Despite two ultra-hot stars, "The Wedding Planner" fails to arouse anything but yawns. 

Fractured Fairy Tale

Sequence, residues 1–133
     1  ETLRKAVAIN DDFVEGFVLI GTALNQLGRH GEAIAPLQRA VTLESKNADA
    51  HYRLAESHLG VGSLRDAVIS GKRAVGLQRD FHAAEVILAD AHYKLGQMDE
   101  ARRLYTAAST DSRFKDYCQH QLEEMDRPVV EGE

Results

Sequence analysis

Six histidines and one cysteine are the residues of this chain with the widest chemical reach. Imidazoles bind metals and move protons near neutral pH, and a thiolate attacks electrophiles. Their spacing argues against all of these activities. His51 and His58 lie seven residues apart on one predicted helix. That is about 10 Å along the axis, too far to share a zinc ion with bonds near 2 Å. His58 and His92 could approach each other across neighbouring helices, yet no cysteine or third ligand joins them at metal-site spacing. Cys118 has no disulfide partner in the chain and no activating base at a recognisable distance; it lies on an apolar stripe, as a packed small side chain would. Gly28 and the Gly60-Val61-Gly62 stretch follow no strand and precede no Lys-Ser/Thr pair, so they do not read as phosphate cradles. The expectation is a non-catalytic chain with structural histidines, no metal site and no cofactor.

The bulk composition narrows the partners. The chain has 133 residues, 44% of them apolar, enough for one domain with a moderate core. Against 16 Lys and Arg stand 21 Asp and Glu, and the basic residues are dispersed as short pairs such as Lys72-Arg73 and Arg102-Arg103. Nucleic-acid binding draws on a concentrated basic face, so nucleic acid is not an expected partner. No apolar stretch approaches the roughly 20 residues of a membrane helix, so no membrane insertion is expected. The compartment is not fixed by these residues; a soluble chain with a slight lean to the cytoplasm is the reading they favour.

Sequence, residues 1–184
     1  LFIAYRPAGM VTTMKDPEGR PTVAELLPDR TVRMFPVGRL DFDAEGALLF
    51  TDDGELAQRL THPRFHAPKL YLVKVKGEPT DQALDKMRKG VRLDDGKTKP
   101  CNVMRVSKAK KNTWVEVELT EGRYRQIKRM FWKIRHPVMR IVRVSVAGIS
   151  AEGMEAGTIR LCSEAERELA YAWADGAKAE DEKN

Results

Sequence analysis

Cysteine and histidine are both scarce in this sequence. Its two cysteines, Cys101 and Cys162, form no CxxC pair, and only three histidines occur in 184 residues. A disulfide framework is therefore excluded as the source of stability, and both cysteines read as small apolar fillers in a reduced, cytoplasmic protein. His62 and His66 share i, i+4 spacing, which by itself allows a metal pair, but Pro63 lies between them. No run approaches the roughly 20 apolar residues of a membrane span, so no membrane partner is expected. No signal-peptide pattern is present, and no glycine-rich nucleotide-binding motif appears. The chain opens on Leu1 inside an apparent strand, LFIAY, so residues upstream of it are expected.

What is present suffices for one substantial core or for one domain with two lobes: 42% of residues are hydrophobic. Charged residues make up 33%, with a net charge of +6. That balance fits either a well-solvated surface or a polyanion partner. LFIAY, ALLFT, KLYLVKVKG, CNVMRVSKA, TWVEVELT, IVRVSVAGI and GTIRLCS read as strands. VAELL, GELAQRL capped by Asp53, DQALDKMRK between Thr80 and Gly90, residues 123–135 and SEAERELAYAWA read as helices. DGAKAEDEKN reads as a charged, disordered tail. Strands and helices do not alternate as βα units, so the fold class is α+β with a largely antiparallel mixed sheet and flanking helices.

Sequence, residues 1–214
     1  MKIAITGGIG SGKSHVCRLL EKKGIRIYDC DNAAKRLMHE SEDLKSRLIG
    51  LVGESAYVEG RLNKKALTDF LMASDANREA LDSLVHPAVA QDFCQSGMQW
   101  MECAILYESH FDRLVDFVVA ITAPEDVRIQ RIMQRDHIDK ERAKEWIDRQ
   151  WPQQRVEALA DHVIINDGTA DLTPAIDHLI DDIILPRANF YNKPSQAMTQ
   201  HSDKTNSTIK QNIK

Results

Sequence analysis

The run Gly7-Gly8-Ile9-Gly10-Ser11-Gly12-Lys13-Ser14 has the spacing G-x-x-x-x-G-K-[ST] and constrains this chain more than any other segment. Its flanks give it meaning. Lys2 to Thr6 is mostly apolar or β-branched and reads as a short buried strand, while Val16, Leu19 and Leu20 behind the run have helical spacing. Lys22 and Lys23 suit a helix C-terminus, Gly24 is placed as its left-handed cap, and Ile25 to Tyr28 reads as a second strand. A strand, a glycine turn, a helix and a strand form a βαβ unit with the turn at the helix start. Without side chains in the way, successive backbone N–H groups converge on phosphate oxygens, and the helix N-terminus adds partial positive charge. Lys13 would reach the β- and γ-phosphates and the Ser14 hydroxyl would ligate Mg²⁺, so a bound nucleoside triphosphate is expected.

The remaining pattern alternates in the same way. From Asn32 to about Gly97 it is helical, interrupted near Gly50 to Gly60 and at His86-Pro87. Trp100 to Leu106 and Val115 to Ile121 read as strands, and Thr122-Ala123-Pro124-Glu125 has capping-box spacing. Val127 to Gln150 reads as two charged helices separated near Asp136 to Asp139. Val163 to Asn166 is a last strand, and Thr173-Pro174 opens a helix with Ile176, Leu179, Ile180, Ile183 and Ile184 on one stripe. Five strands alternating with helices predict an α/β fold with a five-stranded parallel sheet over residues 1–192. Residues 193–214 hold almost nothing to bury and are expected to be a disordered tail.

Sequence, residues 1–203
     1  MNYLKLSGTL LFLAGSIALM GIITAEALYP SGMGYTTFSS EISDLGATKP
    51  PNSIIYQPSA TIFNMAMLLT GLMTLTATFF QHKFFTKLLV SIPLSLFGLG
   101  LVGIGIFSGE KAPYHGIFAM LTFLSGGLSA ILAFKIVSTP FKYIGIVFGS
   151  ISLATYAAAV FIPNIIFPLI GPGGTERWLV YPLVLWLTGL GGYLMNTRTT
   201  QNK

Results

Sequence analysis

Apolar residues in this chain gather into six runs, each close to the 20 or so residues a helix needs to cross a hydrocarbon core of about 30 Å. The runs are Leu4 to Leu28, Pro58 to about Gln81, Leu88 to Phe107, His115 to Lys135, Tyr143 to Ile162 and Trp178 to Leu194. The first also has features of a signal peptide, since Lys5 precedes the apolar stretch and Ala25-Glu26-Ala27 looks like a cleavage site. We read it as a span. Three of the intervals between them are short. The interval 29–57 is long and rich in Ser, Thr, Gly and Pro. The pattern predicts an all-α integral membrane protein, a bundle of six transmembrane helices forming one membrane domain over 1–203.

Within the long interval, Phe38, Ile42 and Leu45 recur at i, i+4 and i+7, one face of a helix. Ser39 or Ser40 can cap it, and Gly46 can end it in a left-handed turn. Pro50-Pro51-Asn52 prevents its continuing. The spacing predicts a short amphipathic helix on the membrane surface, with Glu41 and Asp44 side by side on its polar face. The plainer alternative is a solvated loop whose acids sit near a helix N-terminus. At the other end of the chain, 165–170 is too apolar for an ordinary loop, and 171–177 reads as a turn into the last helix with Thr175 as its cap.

Although the opening minutes of "The Wedding Planner" offer some hope of the movie being an enjoyable comic confection just in time for Valentine's Day, the painful reality soon sets in. This screwball-romance wannabe quickly deteriorates into a mechanical, by-the-numbers love story, the kind of numbing fluff destined to be shown on airlines. Which isn't necessarily a bad thing, mind you. But when a movie boasts such hotties as Jennifer Lopez and Matthew McConaughey, and even they can't figure out a way to make the passion believable, well, something's definitely wrong. Don't get me wrong, I firmly believe both McConaughey and Lopez have the charm, good looks and comic ability required for a lighthearted romance. The blame for this insipid mess falls squarely on the shoulders — or uninspired minds — of screenwriters Pamela Falk and Michael Ellis. Their big mistake? Confusing the genre of their story with their approach to the task. Writing a piece of engaging "fluff" is a great deal more difficult than the on-screen results indicate. In the first 15 minutes, Lopez gives off a genuine sweetness and focused energy that makes you believe she's Mary Fiore, an Italian bachelorette who makes a living planning other women's weddings. Unlucky in love, she's come to accept her plight and vows to become tops in her field. As in real life, suspension of belief is required to make any love story work. So let's ignore the obvious concerns about Ms. Lopez ever going months without a date. But then fate — or Cupid — steps in, sending a handsome doctor (McConaughey) to rescue her from the path of a runaway Dumpster. The two spend an enchanted evening together in Golden Gate Park, watching an old movie on an outdoor screen, dancing, and, yes, almost kissing. Mary is completely swept off her feet, though Dr. Steve Edison dances so well she's a little concerned he might be gay. The screenwriters tell us this is a natural assumption since their story is set in San Francisco. Duh. Of course, Dr. Steve also sports suspiciously tight-fitting sweaters and those highlights in his hair certainly look bleached. After their magical night, guess what? Mary finds out that Dr. Steve isn't gay; in fact, he's actually the husband-to-be of her wealthy new client Fran (a type-cast Bridgette Wilson-Sampras). If this weren't enough for poor Mary to contend with, the screenwriters tie her down with a ridiculous subplot: Her well-meaning immigrant father (an irritatingly over-the-top Alex Rocco) has brought over her childhood friend from Sicily to marry her. It should come as no surprise that screenwriters Falk and Ellis pen poor Massimo (played charmingly by Calvin Klein model Justin Chambers) as dimwitted and stereotypical. To Chambers' credit, he almost sends the movie on a surprising new path, but the screenwriters soon remedy that by pulling him off the screen. The rest of "The Wedding Planner" unfolds with uninspired predictability and an incredible lack of chemistry between its star-crossed lovers. Sadly, both Lopez and McConaughey are at their best in scenes with their same-sex best friends. Judy Greer ("What Women Want") is terrific and sassy in the Zazu Pitts/gal-pal role. Kevin Pollak is equally sharp and lively as McConaughey's best man. As comically misguided as its movie, the studio's press kit feels compelled to let us know that first-time screenwriters Falk and Ellis are currently estranged. But, it cheerfully enlightens us, the two are undergoing couples therapy. Perhaps that explains why the best parts of their joint effort occur when the two stars are not together. Which might be OK for a relationship drama, but death for a romance. Save your money, catch this fractured fairy tale on video.


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